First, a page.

Ethnomedicinal plants of folk medicinal practitioners in four villages of Natore and Rajshahi districts, Bangladesh

Mawla, Fariste; Khatoon, Safiyah; Rehana, Fatema; Jahan, Sharmin; Shelley, Md. Moshiur Rahman; Hossain, Sophia; Haq, Wahid Mozammel; Rahman, Shahnaz; Debnath, Kallol; Rahmatullah, Mohammed
October 2012
American-Eurasian Journal of Sustainable Agriculture;Oct2012, Vol. 6 Issue 4, p406
Academic Journal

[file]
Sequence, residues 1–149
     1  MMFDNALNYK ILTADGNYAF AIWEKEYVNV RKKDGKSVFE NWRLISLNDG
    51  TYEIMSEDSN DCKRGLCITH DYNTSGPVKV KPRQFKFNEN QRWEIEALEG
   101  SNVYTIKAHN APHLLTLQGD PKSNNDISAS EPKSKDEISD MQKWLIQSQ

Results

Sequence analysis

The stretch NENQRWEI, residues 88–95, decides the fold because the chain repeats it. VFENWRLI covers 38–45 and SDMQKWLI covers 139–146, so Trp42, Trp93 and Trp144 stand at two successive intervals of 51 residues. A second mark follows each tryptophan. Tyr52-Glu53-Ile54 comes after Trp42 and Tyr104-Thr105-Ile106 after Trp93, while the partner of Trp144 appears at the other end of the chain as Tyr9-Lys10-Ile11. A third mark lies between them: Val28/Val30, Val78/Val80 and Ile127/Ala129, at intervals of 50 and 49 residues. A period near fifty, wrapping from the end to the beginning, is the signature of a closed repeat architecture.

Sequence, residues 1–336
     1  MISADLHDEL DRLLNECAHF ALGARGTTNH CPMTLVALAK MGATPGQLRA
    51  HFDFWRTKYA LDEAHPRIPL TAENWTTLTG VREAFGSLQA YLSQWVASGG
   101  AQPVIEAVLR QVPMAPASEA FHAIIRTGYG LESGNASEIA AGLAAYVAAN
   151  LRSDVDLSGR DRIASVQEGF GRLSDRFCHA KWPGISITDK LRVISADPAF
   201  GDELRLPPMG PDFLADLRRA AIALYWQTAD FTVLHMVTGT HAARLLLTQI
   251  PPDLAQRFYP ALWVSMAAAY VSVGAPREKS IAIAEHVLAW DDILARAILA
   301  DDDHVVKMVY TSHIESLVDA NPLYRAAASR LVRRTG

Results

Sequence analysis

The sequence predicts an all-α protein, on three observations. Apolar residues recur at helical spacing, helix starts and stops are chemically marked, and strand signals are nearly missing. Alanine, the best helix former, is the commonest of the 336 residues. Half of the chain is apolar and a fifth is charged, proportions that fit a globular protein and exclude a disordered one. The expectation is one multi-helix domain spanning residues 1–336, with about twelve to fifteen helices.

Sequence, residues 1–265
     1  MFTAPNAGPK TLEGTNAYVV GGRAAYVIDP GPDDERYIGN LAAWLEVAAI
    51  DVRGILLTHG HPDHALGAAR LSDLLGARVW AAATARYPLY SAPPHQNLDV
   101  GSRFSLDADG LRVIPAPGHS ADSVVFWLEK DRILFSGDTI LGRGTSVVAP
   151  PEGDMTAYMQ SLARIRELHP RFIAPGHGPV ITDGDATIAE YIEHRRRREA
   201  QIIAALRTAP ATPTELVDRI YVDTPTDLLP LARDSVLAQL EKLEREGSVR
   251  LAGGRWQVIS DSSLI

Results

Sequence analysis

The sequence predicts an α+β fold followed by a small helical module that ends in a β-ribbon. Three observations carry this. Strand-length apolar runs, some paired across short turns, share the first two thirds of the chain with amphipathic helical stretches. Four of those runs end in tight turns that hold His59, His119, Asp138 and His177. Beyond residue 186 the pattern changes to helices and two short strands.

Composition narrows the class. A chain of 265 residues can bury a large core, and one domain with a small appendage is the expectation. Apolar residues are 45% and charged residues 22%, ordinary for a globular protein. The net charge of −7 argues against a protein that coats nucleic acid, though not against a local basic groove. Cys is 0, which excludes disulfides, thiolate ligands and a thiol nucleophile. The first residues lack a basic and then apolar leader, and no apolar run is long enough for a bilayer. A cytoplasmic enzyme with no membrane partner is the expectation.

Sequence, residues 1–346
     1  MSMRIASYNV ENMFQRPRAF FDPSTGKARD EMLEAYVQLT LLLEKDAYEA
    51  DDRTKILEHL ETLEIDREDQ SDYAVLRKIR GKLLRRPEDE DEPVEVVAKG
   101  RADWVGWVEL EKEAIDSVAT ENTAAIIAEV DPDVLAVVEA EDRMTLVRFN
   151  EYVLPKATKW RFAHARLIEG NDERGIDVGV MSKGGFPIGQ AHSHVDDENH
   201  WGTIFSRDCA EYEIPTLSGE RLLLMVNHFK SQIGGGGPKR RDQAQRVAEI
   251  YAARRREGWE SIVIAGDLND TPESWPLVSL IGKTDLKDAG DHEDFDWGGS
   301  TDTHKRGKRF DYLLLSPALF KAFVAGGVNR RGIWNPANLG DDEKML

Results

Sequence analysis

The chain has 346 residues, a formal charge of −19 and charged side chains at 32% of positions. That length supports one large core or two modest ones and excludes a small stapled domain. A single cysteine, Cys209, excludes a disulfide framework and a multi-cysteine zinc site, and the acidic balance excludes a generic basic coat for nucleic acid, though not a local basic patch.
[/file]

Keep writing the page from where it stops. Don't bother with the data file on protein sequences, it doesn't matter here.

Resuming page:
An ethnomedicinal survey was carried out among folk medicinal practitioners of four villages in Natore and Rajshahi districts of Bangladesh. The four folk medicinal practitioners interviewed were observed to use a total of 89 plants in their different formulations. These plant species were distributed into 48 families. The practitioners treated a diverse variety of ailments including skin disorders, respiratory tract disorders, ear infections, gastrointestinal disorders, hypertension, sexual problems, menorrhagia, pain, eye problems, diabetes, osteoporosis, arthritis, sexually transmitted diseases, urinary problems, fever, paralysis, cuts and wounds, chicken pox, weakness, kidney problems, jaundice, broken bones, and hepatitis B. Plants were also used as moisturizer, for relaxing uterine muscle, for treatment of snake bite, and as snake repellent. By far, from the number of plants used, the major problems of the village communities surveyed appeared to be skin disorders, respiratory tract disorders, gastrointestinal disorders, sexual problems, pain, and diabetes. Seven plants were used for treatment of diabetes. Plants used for treatment of diabetes (Stevia rebaudiana, Cycas pectinata, Diospyros ebenum, Cinnamomum tamala, Asparagus racemosus, Tinospora cordifolia, and Corchorus aestuans) are particularly interesting for further pharmacological studies, for diabetes is a debilitating disease affecting millions of persons throughout the world, and cannot be cured with allopathic medicine. As such, any drugs that can be discovered from the anti-diabetic plants obtained in the present survey can possibly alleviate the sufferings of millions of diabetic patients and can be really beneficial for human beings. The plants used for treatment of osteoporosis, hepatitis B, and arthritis are also interesting for further studies. These plants can provide a cheaper alternative to the existing allopathic drugs and which may be more affordable to the rural people of Bangladesh, who lack both access to modern clinics as well as cannot afford the prices of allopathic drugs.


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